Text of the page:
For weeks on end, you watch carefully as the smallest plant begins to grow and change.  You can't help but giggle with excitement  when you glimpse the first, tiny yellow blooms that appear - a hint of the glorious fruits to come.  Finally, little green globes begin to form, and you know you're in the home stretch.  They swell, blush and ripen, twisting on their vines.

You've made tomatoes.  You.  All by yourself.  Congratulations.

It's difficult to explain the first bite of a homegrown tomato.  It's warm in your hands, full of sunshine and sweetness, a miraculous and compact package.  Biting into it, the flavour rushes throughout your mouth, juices running down your chin and arm.  It's impossible not to smile as you savour this reward for your efforts - this remarkably delicious fruit that was alive and breathing just a moment before.  Everything you once thought you knew about a tomato was wrong.  This is what makes life worth living.

My 'Black Krim' became the ultimate toasted tomato sandwich, but only after I ate half of it while standing on the warm deck with the summer sun on my hair.  I'll never again be without this variety.  She's the Queen of the Heirlooms.  But that's just my opinion... what's yours?

Zucchini 'Costata Romanesca'

She's a beaut!  'Costata Romanesca' harvested on Aug 3, 2010.

According to the seed supplier, this gorgeous variety is often voted the 'best tasting of all zucchini'.  I love the distinctive stripes and intricate patterns of it's skin, but I was instantly hooked when I grilled thick slices coated lightly in olive oil, salt and pepper.  It's wonderfully nutty and delicious... a must-grow for me from now on.

Grilled zucchini, risotto & warm mushroom salad.

On The Wild Side

My garden has gone feral.  In a way it's a relief, but it's an odd realization that all of my planning, preening and care is in many ways completely irrelevant.  Throughout the summer, life gets in the way of my good gardening intentions, and I'm left with little choice but to allow my garden to thrive on neglect.  (Oh... did you think you were the only one?)

With vacations, a busy work schedule and old-fashioned summer laziness taking up my time, I've been able to let the garden just... be.  To my chagrin, it remains lush and productive without my intervention.  Who knew?  Yes, the tomatoes are out of control.  Yes, that IS a bolted, flowering head of lettuce in the middle of the photo.  But that's ok.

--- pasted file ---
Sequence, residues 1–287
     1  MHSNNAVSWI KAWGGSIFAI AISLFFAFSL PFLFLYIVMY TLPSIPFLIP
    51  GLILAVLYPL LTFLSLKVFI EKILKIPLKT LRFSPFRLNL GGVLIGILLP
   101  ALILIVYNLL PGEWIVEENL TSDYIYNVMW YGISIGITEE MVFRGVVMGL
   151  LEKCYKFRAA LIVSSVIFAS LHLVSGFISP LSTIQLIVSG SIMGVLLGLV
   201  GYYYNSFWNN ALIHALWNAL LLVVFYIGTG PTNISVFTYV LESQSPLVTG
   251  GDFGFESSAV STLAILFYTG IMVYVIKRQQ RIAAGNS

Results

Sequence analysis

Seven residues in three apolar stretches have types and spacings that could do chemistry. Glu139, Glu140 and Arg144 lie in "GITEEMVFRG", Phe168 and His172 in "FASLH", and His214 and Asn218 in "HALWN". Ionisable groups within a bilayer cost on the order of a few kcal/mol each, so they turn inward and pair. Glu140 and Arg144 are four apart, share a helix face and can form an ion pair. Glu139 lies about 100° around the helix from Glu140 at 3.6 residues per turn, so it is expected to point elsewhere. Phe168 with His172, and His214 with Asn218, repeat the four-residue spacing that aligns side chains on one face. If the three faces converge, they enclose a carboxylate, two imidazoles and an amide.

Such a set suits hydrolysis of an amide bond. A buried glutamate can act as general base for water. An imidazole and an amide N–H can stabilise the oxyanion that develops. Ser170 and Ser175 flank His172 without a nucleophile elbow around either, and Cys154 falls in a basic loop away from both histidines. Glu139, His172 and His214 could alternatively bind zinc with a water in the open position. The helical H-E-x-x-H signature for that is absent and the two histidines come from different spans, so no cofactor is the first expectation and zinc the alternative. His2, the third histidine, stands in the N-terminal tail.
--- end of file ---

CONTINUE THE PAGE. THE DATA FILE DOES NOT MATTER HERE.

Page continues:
Here are some additional pictorial updates.  Summer madness - it's good stuff!  

Carrots, mixed beans and thyme for the dinner table.

A 'Dusty' eggplant.  It was a 'cheater' I planted in mid-July when I realized that my 'Little Fingers' were definitely not going to reach fruiting size this season.  A good score from the garden center saves the day... there's nothing wrong with a back-up plan!  I don't feel guilty!

Another ringer.  'Sweet Cherry Pick' peppers I bought at the same time as the eggplant, just because I couldn't resist.  C'mon, look how cute!

'Bright Lights' swiss chard.  Indeed!

Remember how I planted some watermelon in the space left by the spent lettuce?  It's gone bananas, and I couldn't be happier...
Little 'Malali' watermelon.  More where this one came from, too.  There WILL be home-grown watermelons this season, and by any account I can think of, this officially makes my summer gardening effort a success.

Anatomy of a Local Dinner

It started with a small inspiration.  I was wandering through the garden in the golden hour of the evening, absentmindedly pulling a few weeds, munching a few peas, when I spotted it... the telltale rounded crescent of the top of a Golden Detroit beet, the first of the season, peeking from the surface of the soil.  I crouched down and prodded it with my finger, making sure it was loose enough to pull.  It was.  With a gentle tug, it popped out of the earth, and I literally gasped - it was so pretty!  Bright orange and perfectly round, it demanded to be turned into something special.  The wheels in my head started turning...

I foraged around the rest of the garden, looking for more ingredients that were ripe or big enough to consider harvesting.  I managed a bowl of crisp baby greens, a small handful of carrots, and a giant of a green onion, curved and beautiful.     

After a quick consultation with Jamie, I set to work washing and chopping, seasoning, wrapping, heating, and singing, filled with the simple joy of cooking for myself and my husband with fresh, delicious ingredients that promised to nourish our bodies and delight our palates.  Here is the result:

Fresh, roasted veggies in olive oil with sea salt, pepper, garlic and a splash of balsamic vinegar.

Local chicken from Fenwood Farms, buttered sugar snap peas and roasted peppers, zucchini and mushrooms from Hildreth Farm Market, and Mo Farm baby greens, beets, green onions and carrots.
Good food = good marriage.  The math is simple.